Association Management Tips: What To Do When Potential Members Opt Out
Association management and marketing is much like any other service-oriented business. Though they exist for a specific goal and purpose, increasing association membership is a lot like selling other services. You have to find good leads (membership prospects), convince them of the value (of becoming a member), and get them to convert (join your team).
Like other sales professionals, you will come across people who say "no" to membership, no matter how well you've presented your value proposition. Do you just give up and leave them alone? Sometimes, yes. But sometimes an opt out means you haven't tried hard enough or it could mean the prospect just needs more time to decide.
Instead of tossing in the towel when your offer gets declined, determine if they are really just asking you to try harder to earn their business. Of course, if this is the case, there's still a chance you can win them over. This helps you get the maximum benefits from all of the hard work you put in generating leads. It can be a vital part of your lead nurturing process.
Keep the Conversation Open
After a "no," follow up with a couple of simple questions. Remember, as long as they are willing to engage in back-and-forth communications, they are open to what you have to say. Ask questions like, "What is standing in the way of you joining our organization?" or, "What if you don't join and X happens?" As long as the conversation continues and the lines of communication are open, there's still the potential for the prospect to become a member.
Start New Lines of Communications
When you determine that they are really asking for some additional convincing, there are several lines of communication you can open, which will either lead to a "yes" or deliver you better insight into how to build a better value proposition with other prospects. Try these 3 tips:
- Ask them for their feedback on your membership offerings. Maybe you haven't sufficently explained a compelling reason to join, or maybe the pricing structure is not suitable. You can tweak your membership pitch or your offerings to reflect the feedback you get from these kinds of questions.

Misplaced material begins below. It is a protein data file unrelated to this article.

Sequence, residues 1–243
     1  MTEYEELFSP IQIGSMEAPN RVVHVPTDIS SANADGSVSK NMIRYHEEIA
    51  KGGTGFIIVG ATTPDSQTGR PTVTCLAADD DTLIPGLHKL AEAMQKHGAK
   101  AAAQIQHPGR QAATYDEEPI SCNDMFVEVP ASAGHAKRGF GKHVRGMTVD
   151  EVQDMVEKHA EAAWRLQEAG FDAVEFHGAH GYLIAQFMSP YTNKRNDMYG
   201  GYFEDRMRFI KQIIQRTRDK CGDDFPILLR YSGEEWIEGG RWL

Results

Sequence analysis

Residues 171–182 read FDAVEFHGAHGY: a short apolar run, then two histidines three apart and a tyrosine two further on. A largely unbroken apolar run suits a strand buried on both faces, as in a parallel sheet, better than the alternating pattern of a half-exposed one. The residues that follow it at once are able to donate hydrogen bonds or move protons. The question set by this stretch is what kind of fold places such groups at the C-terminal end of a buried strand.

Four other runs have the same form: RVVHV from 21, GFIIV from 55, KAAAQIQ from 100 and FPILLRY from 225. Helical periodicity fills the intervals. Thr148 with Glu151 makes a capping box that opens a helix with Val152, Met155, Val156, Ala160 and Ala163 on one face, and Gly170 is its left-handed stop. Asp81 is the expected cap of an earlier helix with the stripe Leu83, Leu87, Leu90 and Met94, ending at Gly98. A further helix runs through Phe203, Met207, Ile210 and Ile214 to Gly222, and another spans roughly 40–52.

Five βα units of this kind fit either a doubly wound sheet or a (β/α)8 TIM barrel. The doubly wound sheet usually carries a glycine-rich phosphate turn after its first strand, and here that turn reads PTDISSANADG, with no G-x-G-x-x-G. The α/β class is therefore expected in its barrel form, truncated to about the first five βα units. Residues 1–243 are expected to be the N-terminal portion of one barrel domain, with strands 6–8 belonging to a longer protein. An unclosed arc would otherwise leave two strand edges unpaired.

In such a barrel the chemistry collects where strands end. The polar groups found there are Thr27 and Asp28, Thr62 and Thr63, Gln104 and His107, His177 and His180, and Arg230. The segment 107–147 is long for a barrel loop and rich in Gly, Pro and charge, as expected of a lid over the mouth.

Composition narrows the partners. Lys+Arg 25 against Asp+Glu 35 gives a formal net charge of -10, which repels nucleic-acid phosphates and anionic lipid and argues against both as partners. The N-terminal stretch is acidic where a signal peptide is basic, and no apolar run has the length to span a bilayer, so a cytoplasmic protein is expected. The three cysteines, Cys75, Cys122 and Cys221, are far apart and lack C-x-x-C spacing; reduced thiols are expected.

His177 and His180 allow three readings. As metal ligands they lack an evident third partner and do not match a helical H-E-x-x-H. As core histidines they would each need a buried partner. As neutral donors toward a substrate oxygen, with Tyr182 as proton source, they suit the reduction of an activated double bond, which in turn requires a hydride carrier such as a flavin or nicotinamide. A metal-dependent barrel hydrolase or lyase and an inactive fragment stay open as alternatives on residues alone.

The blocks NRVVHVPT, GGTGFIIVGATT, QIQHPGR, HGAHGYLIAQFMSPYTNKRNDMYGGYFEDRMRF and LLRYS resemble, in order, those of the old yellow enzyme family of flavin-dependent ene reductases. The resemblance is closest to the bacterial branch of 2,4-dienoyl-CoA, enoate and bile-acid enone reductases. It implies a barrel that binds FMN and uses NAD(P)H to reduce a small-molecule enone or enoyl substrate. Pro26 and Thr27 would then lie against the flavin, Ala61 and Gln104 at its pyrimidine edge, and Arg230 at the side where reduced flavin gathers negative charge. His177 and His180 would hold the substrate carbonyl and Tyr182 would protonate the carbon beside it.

- Be willing to offer them a better deal on membership. We all want to feel that we've gotten a special deal—extra membership perks or special rates could just sweeten deal.
- Build their trust. Perhaps they will be willing to make a smaller commitment, such as receiving your monthly newsletter or participating in another way. This can often highlight your benefits so that they will be willing to join your association when the time is right for them.
Know When to Back Down
Unfortunately, not every prospect is going to become a member, and for some, pushing further only serves to aggravate your lead. Still, even rejection can be a valuable learning opportunity.
- Reevaluate how you are qualifying your leads. Is there a better way to determine who is more likely to join your association?
- Reevaluate your pitch. Is it too pushy? Are there too many unanswered questions? Is it unclear what the value of your memberships is? Is the value high enough to justify the cost of the memberships? Perhaps you need to add additional levels of membership to attract members with different budgets and needs.
- Evaluate the competition. Does a similar organization offer something more attractive or more affordable? What can you do to make your value proposition stand out?
Once you've converted your prospect into a member, you'll want to continually delight them so that they stay engaged with you and your association. Download the eBook Scoring Member Engagement to find out how to spot rising stars and fading members so you can target your engagement activites.
About Jennifer Barrell
As the Director of Content, Branding & Buzz at Aptify, Jen oversees the strategy and execution of brand management and content production across the organization’s global offices. She thrives on bringing compelling content and useful information to associations to help them grow and engage their membership. She's also an avid fan of mid-century modern design and all things science fiction.